Best selling title that it is, lauded for its gender subversion, there are some potential problems in The Day The Crayons Quit.
First I’ll quote Jennie Yabroff who wrote in The Washington Post:
Even children’s books that seem radical in other ways reinforce a male-dominated universe. The current bestsellers “The Day the Crayons Quit” and “The Day the Crayons Came Home” have been praised as parables of inclusion and celebrations of diversity. One bookseller I spoke with even described the rebelling crayons as a metaphor for the Occupy movement. Yet not a single crayon is identified with a female pronoun. Just about everything and everyone in the books — from five of the crayons to a paper clip to a sock to Pablo Picasso to the crayons’ owner, Duncan, to his father to his little brother — is male, or not assigned a gender. The exceptions are a female teacher and Duncan’s little sister, who uses the otherwise under-employed pink crayon. To color in a picture of a princess. And is praised for staying in the lines.Jennie Yabroff
Anita Sarkeesian has already explained in detail our culture’s tendency to create a cast of male characters, each with differing personalities, then create a new ‘female’ version, in which her defining characteristic is ‘femaleness’. The audience knows that this is the girl because the creators have slapped a bow on her head, put her in heels and a dress, given her eyelashes or marked her out with pink.
This doesn’t just happen in video games — it happens on TV shows designed for children, in computer software used in schools, in advertising, in toys, and of course in mass market picture books.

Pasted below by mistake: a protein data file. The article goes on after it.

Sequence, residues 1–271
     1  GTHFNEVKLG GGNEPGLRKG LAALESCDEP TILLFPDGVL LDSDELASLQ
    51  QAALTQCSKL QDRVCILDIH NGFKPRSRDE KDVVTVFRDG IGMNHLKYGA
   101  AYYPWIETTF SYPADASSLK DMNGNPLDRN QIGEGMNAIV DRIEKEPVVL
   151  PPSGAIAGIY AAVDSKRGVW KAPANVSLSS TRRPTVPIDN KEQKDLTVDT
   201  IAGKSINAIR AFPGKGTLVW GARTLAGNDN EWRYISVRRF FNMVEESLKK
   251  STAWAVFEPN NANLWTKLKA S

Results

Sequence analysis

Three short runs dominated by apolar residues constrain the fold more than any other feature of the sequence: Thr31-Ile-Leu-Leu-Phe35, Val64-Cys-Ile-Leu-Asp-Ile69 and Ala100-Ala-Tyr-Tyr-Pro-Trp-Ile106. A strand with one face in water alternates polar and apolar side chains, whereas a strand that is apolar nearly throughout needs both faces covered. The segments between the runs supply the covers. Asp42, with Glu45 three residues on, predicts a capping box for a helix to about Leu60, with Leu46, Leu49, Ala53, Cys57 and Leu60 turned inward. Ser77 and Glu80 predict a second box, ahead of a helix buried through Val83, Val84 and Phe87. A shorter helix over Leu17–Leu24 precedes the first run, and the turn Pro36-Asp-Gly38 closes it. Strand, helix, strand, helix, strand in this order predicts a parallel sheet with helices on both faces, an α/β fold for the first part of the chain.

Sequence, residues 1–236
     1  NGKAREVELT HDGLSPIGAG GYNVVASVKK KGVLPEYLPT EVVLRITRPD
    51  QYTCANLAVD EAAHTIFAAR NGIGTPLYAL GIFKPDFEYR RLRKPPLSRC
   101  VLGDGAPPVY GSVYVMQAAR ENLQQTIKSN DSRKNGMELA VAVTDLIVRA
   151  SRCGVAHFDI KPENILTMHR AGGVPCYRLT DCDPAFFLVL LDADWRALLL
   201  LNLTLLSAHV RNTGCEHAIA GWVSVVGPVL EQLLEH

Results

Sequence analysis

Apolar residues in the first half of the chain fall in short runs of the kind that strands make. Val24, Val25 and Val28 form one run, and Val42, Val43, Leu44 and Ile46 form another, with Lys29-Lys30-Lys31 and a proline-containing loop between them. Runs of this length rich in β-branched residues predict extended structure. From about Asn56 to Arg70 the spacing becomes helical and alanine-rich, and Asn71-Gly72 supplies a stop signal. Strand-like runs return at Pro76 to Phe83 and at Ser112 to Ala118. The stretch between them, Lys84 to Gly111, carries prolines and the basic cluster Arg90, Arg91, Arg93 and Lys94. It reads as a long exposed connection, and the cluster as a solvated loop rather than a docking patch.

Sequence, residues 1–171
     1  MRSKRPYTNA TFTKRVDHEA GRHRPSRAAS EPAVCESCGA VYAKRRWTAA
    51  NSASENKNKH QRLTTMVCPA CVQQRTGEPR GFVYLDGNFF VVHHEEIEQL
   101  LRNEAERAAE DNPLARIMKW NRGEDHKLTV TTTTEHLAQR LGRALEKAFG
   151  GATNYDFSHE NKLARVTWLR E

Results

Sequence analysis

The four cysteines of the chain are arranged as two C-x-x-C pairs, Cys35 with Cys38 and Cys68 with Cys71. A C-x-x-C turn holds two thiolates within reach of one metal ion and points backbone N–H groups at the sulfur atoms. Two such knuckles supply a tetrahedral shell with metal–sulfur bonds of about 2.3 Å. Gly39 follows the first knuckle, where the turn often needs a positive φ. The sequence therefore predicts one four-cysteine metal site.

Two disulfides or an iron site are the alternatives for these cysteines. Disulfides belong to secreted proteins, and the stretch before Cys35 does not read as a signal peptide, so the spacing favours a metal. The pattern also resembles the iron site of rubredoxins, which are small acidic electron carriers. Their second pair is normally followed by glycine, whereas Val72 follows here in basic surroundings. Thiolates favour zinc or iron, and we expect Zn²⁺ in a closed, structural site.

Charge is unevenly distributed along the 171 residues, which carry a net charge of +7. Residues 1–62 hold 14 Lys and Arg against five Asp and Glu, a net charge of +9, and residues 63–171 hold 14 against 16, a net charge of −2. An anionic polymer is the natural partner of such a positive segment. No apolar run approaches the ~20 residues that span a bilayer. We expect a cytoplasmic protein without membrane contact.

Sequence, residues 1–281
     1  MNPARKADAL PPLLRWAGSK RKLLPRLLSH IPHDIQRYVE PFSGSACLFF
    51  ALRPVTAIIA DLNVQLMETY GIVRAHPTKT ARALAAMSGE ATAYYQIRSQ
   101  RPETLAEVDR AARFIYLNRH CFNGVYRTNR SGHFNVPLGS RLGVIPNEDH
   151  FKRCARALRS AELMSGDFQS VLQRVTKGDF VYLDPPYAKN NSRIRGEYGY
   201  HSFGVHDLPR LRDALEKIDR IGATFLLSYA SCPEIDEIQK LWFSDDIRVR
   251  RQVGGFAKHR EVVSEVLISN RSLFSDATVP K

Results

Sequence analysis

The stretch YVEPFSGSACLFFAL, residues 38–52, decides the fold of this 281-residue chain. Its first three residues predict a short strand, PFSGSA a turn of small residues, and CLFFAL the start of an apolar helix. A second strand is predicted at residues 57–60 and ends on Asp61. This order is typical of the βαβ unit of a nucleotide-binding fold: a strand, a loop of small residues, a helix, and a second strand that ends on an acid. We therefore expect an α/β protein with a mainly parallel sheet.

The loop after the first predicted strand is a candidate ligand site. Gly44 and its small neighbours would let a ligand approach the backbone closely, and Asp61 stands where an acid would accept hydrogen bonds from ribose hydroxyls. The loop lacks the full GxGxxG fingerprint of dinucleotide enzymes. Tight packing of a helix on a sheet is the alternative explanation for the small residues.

Since readers of The Day The Crayons Quit have been acculturated within a system which pinkifies everything associated with girls, it should have been clear to this book’s creators — who presumably understand this tendency in children precisely so they can subvert it — that without gender pronouns, or clothes, or human names, the crayons are all default males.
It should also have been clear to any creators properly schooled up in gender politics that getting the male hero to pass on a message praising his little sister for ‘staying within the lines’ is just the sort of sexist bullshit that turns primary school aged girls into what I’ve heard teachers refer to as ‘colourer-inners’ by the time they hit high school. No, that’s not a grammatically sensible phrase, but an English teacher I once knew used it to refer to her female students who, instead of doing the research and the thinking required before writing any essay, would spend 90 per cent of their allocated time creating an ornamental page border, choosing which shade of paper to print on, then hum and ha over 7 different system fonts without doing any actual work. Having later taught at a girls’ high school myself, I became so exasperated with this tendency that I banned any modification to the Word template at the start of each lesson, otherwise 20 minutes would be wasted on choosing fonts and borders rather than thinking essay work. Who could blame these girls though, after having been told their entire lives that looking pretty and creating prettiness was the most important thing they should do?
Drew Daywalt’s picture book hardly blows that bullshit apart.
I’m most disturbed by the bit that says: